This is Tuscany. The domes and bridges of Florence, the Palio of Siena, the towers of San Gimignano, landmarks all, seem diminished in their evocative powers when compared to the gentle roll of hills patterned with vine and stippled with evergreens. Say "Italian countryside" to the average Australian on the street and a perfect paint-by-numbers facsimile of the slopes around Greve, Radda and Castellina pops into their heads, replete with rustic farmhouses, olive groves and gentlemen farmers, even if they've never heard of Chianti or drunk a drop of sangiovese in their lives. The picture isn't just three-dimensional, but synaesthetic too, fusing bright sun with the scents of laurel and juniper, of wild fennel and stubborn rosemary. This rich earth is Tuscany's flesh, its inky wines its blood, the nourishment of Dante, da Vinci and Puccini. The bricks and tiles of the great cities of Florence and Siena were quarried and kilned here, and to this day artists and artisans alike find sanctuary in these hills - whether they deal in marble and oils or grain and grapes.
The grapes, famously, are taking over, along with the olives. As the value of Chianti's wine and oil rises ever higher, more of the land comes under vine, though some fields of wheat remain, as do pockets of less usual crops. Crocuses grown for saffron and fields of irises prized by perfumers give bursts of colour against the dominant dun and green.
And then there's meat. Though Italy is known as a nation of market gardeners, and Tuscans are nicknamed "mangiafagioli" (bean-eaters) by other Italians, the people of Chianti are serious about their meat. Maybe it's a sign of their relative affluence or perhaps it's just the long association with the Chianina, the massive white cattle that are the pride of Italy's beef-eaters.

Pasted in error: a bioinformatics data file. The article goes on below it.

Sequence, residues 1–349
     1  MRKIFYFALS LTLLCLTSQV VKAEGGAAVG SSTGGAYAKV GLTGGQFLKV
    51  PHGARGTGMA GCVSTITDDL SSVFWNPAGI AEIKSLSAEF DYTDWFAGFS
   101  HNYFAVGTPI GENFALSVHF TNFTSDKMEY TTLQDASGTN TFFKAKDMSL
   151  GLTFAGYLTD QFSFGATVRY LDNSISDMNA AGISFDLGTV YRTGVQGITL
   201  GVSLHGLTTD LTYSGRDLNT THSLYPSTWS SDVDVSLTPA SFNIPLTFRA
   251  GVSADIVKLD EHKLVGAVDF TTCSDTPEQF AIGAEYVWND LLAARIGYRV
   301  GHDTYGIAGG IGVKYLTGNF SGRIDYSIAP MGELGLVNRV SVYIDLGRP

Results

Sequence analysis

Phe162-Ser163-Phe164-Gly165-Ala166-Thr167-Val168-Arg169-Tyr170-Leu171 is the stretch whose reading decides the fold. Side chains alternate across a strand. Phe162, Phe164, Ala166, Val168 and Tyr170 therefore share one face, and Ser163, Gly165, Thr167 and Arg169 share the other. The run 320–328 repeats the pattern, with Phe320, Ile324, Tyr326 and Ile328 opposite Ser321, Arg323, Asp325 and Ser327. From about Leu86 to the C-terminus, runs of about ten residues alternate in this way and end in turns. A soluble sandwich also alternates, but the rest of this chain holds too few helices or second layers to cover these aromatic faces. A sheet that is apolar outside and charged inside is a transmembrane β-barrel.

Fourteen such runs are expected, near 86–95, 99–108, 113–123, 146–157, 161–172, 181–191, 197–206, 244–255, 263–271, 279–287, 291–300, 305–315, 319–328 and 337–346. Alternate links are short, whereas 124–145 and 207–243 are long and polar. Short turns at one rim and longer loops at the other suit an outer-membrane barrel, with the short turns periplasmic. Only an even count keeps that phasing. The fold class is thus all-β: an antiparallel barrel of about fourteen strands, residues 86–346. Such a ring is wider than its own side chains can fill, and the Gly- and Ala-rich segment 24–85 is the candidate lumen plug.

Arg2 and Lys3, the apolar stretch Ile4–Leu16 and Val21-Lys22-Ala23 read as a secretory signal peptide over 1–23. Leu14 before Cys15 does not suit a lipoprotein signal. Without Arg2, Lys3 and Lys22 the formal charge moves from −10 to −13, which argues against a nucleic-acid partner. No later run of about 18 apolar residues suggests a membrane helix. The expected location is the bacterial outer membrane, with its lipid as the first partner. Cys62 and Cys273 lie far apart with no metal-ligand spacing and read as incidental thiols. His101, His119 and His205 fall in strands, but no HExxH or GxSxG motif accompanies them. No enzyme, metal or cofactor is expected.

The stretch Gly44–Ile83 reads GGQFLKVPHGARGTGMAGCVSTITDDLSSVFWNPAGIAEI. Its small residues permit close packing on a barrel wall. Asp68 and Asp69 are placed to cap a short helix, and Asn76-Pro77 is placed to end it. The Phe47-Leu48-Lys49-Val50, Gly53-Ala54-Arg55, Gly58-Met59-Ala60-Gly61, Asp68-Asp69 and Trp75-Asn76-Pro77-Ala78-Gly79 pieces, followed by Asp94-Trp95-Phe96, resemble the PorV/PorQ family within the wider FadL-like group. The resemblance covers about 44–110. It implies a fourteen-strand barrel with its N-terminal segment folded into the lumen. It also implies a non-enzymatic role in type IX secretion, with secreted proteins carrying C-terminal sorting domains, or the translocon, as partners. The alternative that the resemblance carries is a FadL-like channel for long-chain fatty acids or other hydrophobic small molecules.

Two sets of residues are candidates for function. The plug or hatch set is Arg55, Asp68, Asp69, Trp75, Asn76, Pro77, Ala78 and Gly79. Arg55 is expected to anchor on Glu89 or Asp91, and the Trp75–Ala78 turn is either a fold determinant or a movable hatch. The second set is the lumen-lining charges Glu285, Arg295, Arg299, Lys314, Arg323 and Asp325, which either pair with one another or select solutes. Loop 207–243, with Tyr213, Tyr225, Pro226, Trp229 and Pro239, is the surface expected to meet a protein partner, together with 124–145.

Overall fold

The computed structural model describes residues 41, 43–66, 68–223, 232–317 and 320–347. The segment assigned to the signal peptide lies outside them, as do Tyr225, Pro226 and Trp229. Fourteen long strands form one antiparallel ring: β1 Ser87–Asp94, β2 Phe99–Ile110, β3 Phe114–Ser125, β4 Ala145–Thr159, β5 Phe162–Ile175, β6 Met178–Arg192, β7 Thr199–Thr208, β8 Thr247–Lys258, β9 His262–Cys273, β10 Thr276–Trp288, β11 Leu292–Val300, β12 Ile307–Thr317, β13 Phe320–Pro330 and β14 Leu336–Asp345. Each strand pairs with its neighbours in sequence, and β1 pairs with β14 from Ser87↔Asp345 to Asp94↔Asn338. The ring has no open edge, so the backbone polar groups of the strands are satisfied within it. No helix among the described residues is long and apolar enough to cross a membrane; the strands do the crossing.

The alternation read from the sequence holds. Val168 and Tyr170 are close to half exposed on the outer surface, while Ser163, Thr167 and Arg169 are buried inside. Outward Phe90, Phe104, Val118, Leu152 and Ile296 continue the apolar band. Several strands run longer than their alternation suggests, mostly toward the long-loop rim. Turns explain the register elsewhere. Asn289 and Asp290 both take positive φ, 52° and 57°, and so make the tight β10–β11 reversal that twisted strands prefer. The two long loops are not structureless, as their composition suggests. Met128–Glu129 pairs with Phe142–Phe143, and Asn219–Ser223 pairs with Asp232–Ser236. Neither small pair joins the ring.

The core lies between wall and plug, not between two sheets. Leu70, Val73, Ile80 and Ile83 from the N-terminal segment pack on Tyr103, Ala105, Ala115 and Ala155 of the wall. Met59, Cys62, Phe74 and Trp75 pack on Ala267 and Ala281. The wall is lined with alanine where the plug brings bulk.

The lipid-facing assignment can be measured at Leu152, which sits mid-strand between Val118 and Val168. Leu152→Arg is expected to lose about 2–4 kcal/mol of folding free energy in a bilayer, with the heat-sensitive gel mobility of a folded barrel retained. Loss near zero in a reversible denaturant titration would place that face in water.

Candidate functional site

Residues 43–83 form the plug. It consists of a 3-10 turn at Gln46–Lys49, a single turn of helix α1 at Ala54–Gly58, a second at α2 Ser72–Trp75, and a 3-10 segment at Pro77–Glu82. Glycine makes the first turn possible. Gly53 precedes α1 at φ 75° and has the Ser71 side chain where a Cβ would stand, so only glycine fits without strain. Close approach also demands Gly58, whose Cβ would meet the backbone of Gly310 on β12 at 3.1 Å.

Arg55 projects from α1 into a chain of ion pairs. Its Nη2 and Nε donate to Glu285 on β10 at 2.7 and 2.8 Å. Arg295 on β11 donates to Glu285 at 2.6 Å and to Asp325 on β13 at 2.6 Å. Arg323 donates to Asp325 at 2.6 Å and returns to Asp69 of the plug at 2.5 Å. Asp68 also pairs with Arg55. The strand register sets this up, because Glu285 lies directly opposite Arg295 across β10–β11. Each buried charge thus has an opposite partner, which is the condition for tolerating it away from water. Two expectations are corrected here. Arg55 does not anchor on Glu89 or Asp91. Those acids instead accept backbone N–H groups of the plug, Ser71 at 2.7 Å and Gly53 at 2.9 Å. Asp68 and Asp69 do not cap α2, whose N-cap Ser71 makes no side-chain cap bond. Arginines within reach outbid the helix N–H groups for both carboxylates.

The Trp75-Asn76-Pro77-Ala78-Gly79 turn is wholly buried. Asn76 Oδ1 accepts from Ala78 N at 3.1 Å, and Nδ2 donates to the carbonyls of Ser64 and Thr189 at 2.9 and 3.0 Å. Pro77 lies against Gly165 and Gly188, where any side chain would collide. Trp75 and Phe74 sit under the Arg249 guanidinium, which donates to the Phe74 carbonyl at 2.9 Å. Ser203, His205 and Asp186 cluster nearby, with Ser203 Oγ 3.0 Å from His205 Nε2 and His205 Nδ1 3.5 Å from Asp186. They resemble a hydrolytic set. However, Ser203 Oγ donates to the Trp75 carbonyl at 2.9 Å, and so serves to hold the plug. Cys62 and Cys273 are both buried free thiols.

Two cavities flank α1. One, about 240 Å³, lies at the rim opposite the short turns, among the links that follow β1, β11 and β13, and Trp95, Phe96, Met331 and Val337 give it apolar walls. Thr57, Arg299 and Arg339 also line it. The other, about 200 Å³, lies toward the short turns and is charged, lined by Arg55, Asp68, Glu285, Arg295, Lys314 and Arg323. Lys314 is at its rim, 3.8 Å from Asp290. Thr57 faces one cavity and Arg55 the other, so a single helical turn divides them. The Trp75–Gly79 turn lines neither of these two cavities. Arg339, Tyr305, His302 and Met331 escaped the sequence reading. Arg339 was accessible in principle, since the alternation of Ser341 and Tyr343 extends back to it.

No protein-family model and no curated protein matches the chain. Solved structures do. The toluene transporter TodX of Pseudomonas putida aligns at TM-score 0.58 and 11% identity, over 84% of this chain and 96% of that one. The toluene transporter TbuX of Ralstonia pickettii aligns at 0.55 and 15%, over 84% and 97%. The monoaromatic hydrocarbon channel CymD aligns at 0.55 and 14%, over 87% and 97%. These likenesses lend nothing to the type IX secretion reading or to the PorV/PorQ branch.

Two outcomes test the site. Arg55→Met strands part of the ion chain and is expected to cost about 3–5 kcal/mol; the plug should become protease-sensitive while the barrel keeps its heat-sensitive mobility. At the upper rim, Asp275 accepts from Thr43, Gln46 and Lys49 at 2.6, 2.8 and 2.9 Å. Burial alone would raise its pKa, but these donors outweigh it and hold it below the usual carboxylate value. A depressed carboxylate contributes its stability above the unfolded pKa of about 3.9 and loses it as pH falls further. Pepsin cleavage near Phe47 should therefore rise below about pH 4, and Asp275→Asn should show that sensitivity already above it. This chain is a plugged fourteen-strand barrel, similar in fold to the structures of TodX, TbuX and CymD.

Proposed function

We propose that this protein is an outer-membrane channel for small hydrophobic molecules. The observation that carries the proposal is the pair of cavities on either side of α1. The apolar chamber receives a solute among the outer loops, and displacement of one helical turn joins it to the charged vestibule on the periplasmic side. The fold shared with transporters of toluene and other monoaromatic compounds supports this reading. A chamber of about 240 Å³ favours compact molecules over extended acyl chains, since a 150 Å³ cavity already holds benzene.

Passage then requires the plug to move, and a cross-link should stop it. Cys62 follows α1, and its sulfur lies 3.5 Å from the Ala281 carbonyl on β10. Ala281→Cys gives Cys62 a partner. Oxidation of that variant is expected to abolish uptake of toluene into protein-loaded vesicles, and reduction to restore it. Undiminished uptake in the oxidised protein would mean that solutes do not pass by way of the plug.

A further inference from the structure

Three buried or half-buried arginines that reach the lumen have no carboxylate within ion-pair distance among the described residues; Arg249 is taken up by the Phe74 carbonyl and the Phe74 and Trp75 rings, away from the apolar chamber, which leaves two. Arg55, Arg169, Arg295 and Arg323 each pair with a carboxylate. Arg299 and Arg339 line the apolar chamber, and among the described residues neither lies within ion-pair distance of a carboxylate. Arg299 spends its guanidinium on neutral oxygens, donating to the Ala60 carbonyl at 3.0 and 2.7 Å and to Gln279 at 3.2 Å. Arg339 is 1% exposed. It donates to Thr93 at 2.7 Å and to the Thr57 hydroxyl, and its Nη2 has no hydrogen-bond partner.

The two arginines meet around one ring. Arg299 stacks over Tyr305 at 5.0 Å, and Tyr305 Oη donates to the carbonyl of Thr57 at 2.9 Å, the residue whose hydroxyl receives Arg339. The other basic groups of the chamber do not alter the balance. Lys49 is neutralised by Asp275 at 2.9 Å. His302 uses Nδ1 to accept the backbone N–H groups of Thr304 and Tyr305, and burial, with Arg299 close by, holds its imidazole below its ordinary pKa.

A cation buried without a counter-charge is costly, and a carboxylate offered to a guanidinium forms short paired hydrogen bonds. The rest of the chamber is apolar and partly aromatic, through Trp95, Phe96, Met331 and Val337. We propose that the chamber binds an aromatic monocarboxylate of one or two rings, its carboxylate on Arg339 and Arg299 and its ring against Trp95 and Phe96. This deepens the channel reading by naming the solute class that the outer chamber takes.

The Chianina were a very Italian choice of beast of burden, being as well-regarded for their strength as their eating quality, and it was their meat that became the steak of Florence, the bistecca Fiorentina. Yet with the advent of mechanisation and the encroachment of the grape, these ancient, marmoreal giants, the tallest cattle still extant, became a rarity in their own backyard.
In fact, on a side street in the hamlet of Panzano in Chianti, in the heart of the Chianti Classico denomination, a plaque mourns the bistecca Fiorentina in mock-heroic (or perhaps not so mock) style: "Reduced to invalidity but preferring death". The marble is decorated with a relief of a steak and dated 31 March 2001. It commemorates the "premature disappearance" of the famed dish on that day, not, it turns out, because of the scarcity of Chianina, but because of a mad-cow-driven EU edict against serving meat on the bone (which was lifted in 2006).
The plaque, which was erected following a mock funeral procession, says a lot about the man whose butchery it adorns. Much has been written about Antica Macelleria Cecchini, the pulpit, atelier and theatre of Dario Cecchini, Chianti's poet-butcher, most notably in Bill Buford's 2006 book, Heat. Still, in life Cecchini looms larger, and possibly more Mephistophelean, than you expect, and the magic of his shop is undimmed by anticipation. The small room is crammed with trophies and trinkets, books and bottles. A statue of a noticeably well-hung, bull-headed satyr stands beside shelves of condiments and books - Fergus Henderson's Nose to Tail Eating is among the English titles as are, less expectedly, a few Jamie Oliver books. In the display case, there's not a bit of Astroturf to be seen, the neatly tied pieces of meat and crocks of charcuterie wreathed in branches of bay and lemon. Unless you have the time and the villa to do some cooking, much of the shop's wares will be of purely academic interest, but you can pick up jars of Profumo del Chianti, a fine Sicilian sea salt herbed with sage, fennel pollen, lavender, juniper, thyme, bay and rosemary ("breathe in deeply", the label reads, "for sudden attacks of nostalgia"), or the spicy Mostarda Mediterranea relish. And, as seems to be the way in these parts, the macelleria is also somewhere you can grab a drink and a snack. Drop by in the late afternoon and there'll be a fiasco of red wine on the go and something meaty to eat.